Core C - External Innovative Networks , The overarching goal of the External Innovative Networks Core of Michigan's NIA P30 Center (MiCDA) is to strengthen national and international collaboration on research in aging, which in turn accelerates scientific discovery. The two primary aims are: (1) to facilitate the optimal design of aging-related surveys and promote harmonization of measures across these data resources;and (2) to facilitate national and international comparative analyses based on existing data. More specifically, MiCDA's external networks share and develop new ways to design, collect, and distribute aging-related surveys in the US and internationally;share and develop new research findings on topics of high priority;expedite convergence of consensus opinions;and foster training where appropriate. Typically, these aims are achieved through face-to-face meetings of network members, supplemented by teleconferencing and web-based communication. MiCDA's Core C is well positioned to carry out these tasks given MiCDA's almost three decades of experience. Affiliates of MiCDA direct some of the largest and longest-running social science data collection projects in the world, and they are internationally recognized experts in the research topics proposed for each of the networks. The continuing networks are: TRENDS in Old-Age Disability (Robert Schoeni) and International Network of HRS Sister Studies (David Weir). The proposed new networks are: Life Course Health Dynamics and Disparities (James House) and the Network on Longitudinal Studies of Aging in the US (Mary Beth Ofstedal).
The External Innovative Networks Core brings together researchers to stimulate new research in chronic disease and disability;life course determinants of health and wellbeing in later life;aging, genetics, and social science;and the economics of savings and retirement. Findings contribute to our understanding of the health and wellbeing of older adults in the aging US population and internationally.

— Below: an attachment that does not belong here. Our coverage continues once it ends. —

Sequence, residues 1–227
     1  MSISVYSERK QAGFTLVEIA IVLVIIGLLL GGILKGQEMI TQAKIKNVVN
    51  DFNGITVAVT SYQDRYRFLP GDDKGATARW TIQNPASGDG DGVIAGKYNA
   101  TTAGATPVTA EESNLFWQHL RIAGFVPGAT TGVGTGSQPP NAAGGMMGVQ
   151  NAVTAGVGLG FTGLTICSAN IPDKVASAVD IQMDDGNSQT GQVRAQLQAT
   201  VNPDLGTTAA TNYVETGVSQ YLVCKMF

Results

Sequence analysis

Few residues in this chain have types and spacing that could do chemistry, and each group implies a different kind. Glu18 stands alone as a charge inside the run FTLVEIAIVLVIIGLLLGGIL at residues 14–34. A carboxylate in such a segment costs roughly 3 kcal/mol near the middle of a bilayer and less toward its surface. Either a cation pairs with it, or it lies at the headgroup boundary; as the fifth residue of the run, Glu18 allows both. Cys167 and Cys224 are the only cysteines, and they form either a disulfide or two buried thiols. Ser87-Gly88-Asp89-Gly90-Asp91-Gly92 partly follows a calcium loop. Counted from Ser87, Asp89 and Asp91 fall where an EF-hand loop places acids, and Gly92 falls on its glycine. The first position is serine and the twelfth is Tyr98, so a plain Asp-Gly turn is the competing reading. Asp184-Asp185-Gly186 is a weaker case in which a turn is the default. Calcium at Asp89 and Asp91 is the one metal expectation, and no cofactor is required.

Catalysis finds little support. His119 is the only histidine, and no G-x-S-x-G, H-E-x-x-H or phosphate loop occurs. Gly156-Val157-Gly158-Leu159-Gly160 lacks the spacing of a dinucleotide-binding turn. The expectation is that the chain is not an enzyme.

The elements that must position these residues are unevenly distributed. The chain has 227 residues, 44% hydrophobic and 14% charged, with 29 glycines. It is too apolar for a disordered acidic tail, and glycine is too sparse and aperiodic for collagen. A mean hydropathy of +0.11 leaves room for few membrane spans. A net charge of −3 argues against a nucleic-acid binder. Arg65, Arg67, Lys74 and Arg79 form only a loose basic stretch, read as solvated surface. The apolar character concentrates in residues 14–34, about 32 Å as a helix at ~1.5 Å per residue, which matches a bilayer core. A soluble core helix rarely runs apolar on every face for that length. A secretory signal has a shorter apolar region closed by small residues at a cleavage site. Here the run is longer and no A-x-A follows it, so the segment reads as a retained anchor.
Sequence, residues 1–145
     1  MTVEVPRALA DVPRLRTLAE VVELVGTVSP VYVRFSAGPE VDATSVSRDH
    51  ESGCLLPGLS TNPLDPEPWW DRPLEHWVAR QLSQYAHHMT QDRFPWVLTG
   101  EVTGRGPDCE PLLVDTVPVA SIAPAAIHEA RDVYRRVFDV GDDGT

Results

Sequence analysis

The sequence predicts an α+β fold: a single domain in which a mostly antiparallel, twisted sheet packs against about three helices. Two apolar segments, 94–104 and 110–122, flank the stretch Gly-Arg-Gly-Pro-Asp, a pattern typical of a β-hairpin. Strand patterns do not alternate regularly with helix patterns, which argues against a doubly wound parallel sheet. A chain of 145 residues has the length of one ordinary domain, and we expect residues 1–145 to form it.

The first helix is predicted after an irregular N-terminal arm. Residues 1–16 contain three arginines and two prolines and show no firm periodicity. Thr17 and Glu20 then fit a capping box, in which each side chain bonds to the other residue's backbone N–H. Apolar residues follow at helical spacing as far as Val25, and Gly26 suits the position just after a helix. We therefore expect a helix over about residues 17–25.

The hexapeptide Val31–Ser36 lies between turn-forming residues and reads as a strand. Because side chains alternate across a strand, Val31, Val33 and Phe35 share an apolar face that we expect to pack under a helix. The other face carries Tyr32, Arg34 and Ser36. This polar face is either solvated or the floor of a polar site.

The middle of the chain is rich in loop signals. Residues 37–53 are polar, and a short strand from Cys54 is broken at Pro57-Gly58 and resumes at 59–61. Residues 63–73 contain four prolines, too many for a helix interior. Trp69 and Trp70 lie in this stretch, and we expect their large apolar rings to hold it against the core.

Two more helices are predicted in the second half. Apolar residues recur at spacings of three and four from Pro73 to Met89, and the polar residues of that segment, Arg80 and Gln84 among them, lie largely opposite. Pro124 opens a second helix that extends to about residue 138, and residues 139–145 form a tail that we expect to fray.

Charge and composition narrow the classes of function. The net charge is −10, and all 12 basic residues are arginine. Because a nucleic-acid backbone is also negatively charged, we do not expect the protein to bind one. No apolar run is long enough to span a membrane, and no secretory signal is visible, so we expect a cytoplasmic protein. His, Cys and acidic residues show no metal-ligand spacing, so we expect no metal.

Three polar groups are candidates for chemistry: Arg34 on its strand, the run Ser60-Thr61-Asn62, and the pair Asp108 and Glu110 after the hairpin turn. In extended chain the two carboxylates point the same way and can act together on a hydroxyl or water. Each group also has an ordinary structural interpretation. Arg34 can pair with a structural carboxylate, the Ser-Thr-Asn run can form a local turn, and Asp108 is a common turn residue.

|Putnam, Michelle (2014) Bridging network divides: building capacity to support aging with disability populations through research. Disabil Health J 7:S51-9|
|Freedman, Vicki A; Spillman, Brenda C (2014) The residential continuum from home to nursing home: size, characteristics and unmet needs of older adults. J Gerontol B Psychol Sci Soc Sci 69 Suppl 1:S42-50|
|Wolf, Douglas A (2014) Getting help from others: the effects of demand and supply. J Gerontol B Psychol Sci Soc Sci 69 Suppl 1:S59-64|
|Clarke, Philippa; Latham, Kenzie (2014) Life course health and socioeconomic profiles of Americans aging with disability. Disabil Health J 7:S15-23|
|Skolarus, Lesli E; Burke, James F; Freedman, Vicki A (2014) The role of accommodations in poststroke disability management. J Gerontol B Psychol Sci Soc Sci 69 Suppl 1:S26-34|
|LaPlante, Mitchell P (2014) Key goals and indicators for successful aging of adults with early-onset disability. Disabil Health J 7:S44-50|
|Montez, Jennifer Karas; Hayward, Mark D (2014) Cumulative childhood adversity, educational attainment, and active life expectancy among U.S. adults. Demography 51:413-35|
|Clarke, Philippa J (2014) The role of the built environment and assistive devices for outdoor mobility in later life. J Gerontol B Psychol Sci Soc Sci 69 Suppl 1:S8-15|
|Spira, Adam P; Kaufmann, Christopher N; Kasper, Judith D et al. (2014) Association between insomnia symptoms and functional status in U.S. older adults. J Gerontol B Psychol Sci Soc Sci 69 Suppl 1:S35-41|
|Freedman, Vicki A (2014) Research gaps in the demography of aging with disability. Disabil Health J 7:S60-3|
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